Part of the plot of the new James Bond movie revolves around a special high-tech handgun Q creates for Bond that has a sensor in the grip that only allows it to be fired when it’s in Bond’s hands. At one point one of the villains gets his hands on the gun and tries to shoot our hero as he sits defenseless on the floor. Of course, the gun won’t shoot, and the villain promptly gets eaten by a couple Komodo dragons.
But as James Bond illustrates here (isn’t Bond just full of life lessons) this isn’t always the case. Sometimes the good guy doesn’t have a gun. And in this case, a gun that won’t shoot in the hands of a bad guy is a pretty good defense.
The New York Times’ Nick Bilton points out today that this technology currently exists. “This is not Buck Rogers type of stuff,” says professor Robert Spitzer of SUNY Cortland.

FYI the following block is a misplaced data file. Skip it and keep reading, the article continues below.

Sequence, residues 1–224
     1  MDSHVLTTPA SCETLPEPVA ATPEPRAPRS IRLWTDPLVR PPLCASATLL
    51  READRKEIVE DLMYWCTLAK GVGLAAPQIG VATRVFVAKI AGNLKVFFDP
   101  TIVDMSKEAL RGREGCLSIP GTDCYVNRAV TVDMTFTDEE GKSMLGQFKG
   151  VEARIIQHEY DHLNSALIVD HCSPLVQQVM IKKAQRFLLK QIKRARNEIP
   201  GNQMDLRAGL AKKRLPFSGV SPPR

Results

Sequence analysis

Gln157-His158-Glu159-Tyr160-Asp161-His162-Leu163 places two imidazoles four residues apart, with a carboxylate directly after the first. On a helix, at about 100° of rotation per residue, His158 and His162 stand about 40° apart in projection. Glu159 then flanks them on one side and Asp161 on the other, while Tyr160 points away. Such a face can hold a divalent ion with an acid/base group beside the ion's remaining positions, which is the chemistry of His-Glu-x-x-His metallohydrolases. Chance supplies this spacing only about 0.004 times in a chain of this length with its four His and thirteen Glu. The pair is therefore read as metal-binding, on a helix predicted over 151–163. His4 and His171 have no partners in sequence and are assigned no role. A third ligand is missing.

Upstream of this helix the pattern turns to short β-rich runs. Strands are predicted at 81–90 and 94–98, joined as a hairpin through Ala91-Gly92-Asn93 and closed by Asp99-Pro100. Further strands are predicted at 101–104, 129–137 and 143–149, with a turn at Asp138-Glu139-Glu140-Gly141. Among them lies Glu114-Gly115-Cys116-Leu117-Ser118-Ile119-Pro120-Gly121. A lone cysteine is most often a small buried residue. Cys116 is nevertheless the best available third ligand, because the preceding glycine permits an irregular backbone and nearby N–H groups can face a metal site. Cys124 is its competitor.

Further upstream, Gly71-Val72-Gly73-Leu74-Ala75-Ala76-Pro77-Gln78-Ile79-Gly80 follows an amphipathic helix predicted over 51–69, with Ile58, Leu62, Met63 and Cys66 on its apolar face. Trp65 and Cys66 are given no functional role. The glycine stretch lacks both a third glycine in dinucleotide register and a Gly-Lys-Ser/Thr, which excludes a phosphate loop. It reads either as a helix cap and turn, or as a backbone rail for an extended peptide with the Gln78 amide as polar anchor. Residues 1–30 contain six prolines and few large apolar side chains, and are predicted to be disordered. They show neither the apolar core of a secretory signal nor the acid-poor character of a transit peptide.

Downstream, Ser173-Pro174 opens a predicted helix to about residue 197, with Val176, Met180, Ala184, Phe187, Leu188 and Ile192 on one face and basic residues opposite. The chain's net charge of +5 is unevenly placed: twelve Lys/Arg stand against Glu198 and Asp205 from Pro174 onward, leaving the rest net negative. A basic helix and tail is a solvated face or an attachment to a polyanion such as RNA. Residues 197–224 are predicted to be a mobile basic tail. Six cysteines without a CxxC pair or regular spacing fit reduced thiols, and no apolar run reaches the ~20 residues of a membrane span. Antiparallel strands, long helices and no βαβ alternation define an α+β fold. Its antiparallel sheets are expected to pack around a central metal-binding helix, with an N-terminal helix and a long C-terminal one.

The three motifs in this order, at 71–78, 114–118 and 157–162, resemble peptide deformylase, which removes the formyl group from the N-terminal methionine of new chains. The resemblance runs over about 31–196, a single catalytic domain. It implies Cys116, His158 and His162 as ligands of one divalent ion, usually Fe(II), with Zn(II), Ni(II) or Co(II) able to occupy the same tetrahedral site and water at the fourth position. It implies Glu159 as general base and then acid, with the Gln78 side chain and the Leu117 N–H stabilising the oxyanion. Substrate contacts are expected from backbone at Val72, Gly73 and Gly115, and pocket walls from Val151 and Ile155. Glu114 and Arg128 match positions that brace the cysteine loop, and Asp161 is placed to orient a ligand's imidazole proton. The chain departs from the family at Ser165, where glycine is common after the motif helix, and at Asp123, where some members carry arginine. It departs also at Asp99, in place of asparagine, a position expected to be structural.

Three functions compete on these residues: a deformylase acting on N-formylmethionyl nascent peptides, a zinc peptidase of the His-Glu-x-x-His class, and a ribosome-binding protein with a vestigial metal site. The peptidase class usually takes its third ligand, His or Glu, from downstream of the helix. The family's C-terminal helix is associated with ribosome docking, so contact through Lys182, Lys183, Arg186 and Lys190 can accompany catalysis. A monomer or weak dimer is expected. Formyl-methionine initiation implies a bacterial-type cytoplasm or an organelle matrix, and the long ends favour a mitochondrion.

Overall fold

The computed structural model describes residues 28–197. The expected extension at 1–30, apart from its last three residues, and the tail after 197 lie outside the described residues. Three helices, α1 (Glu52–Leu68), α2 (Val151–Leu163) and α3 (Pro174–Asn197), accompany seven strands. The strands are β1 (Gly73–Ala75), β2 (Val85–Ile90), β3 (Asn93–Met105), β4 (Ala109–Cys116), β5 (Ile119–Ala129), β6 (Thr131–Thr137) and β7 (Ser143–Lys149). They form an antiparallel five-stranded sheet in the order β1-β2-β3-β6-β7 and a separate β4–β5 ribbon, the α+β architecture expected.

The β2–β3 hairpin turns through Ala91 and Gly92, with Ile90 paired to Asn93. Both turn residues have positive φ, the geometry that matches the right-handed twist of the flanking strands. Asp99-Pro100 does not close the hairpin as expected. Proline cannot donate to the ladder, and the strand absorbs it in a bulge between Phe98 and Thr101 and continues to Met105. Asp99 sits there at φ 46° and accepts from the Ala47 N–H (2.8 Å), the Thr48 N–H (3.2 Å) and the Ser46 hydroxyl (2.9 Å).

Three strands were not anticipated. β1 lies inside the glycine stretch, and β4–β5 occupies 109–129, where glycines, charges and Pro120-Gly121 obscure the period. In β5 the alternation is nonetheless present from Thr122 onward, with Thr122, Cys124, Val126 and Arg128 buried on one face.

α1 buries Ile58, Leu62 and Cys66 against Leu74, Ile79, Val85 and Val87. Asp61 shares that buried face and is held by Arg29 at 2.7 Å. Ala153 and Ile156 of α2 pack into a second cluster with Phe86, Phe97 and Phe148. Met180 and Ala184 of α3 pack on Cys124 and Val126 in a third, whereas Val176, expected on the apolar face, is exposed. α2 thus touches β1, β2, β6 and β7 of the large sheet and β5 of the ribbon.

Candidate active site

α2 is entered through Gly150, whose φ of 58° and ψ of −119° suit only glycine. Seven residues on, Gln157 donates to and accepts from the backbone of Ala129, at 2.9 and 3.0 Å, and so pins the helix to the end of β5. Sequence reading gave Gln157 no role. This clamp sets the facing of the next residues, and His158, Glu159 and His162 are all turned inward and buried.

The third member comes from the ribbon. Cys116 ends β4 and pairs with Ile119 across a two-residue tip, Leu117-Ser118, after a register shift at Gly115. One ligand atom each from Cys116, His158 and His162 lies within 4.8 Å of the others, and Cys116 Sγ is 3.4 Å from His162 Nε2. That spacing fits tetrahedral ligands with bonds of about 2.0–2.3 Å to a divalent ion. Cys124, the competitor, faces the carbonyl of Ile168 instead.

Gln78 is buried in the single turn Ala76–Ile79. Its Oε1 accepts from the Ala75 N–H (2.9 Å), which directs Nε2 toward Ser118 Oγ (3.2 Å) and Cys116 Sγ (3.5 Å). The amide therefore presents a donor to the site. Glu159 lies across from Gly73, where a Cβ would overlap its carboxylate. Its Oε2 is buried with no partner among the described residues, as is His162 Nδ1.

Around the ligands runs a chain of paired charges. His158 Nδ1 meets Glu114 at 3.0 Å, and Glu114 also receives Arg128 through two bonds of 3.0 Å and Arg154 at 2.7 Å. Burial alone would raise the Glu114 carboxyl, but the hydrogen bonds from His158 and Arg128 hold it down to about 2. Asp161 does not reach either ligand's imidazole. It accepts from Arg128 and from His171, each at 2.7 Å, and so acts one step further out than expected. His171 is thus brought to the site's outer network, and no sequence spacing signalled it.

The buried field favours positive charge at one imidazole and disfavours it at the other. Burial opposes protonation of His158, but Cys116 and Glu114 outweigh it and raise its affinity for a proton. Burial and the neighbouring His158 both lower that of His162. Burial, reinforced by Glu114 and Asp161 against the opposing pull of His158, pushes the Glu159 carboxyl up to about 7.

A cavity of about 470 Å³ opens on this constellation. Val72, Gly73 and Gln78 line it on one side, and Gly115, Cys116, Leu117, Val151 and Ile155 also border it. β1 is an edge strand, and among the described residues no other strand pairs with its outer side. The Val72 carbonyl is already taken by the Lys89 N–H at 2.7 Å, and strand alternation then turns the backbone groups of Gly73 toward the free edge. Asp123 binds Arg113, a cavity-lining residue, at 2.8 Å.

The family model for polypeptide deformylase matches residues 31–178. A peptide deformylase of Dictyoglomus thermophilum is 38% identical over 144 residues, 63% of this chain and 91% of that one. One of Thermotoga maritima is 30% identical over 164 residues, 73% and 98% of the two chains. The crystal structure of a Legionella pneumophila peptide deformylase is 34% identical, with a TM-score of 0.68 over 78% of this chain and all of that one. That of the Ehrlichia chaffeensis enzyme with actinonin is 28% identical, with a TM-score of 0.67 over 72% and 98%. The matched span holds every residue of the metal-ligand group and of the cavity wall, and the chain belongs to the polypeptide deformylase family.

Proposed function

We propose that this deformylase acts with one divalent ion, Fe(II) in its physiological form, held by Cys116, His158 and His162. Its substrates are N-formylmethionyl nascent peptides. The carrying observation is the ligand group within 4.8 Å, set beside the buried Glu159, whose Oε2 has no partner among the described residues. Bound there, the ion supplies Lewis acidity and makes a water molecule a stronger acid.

After Newtown the national conversation about guns reached a particularly fevered vitriol about access—it became an all-or-nothing consideration about whether we should be allowed to have them. But what about just making them smarter? What about doing mandatory background checks on anyone who wants a gun and making it so that the only guns available will fire in the hands of certified “good guys”? Could we all agree on that?
Doesn’t sound like it.
Bilton notes that LaPierre has dismissed this idea—way back in 2002 LaPierre said, “Tragic victims couldn’t have been saved by trigger locks or magazine bans or ‘smart-gun’ technology.”
But the technology is here now-it’s not just in Bond movies. Again Bilton quotes Dr. Spitzer who says “The gun industry has no interest in making smart-guns. There is no incentive for them.” But you’d think they’d have an incentive if gun A) Gun customers started asking for them because they sound like a great idea or B) It was mandated because we all agreed that evolving gun technology into the future with smart-guns is a piece of gun control legislation we can all get behind.
So what do you think, gun owners? Are you on board with making all guns smart guns?